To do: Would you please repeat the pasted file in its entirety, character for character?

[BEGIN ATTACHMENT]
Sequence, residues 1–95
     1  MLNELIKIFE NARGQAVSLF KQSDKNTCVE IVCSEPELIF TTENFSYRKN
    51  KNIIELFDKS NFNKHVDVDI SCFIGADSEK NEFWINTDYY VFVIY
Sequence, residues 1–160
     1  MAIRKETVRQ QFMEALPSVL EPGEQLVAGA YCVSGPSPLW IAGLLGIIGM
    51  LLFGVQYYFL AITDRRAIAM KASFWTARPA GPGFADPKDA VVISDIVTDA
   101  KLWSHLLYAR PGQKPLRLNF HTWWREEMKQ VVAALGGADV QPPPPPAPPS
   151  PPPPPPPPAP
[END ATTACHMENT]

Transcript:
Sequence, residues 1–95
     1  MLNELIKIFE NARGQAVSLF KQSDKNTCVE IVCSEPELIF TTENFSYRKN
    51  KNIIELFDKS NFNKHVDVDI SCFIGADSEK NEFWINTDYY VFVIY
Sequence, residues 1–160
     1  MAIRKETVRQ QFMEALPSVL EPGEQLVAGA YCVSGPSPLW IAGLLGIIGM
    51  LLFGVQYYFL AITDRRAIAM KASFWTARPA GPGFADPKDA VVISDIVTDA
   101  KLWSHLLYAR PGQKPLRLNF HTWWREEMKQ VVAALGGADV QPPPPPAPPS
   151  PPPPPPPPAP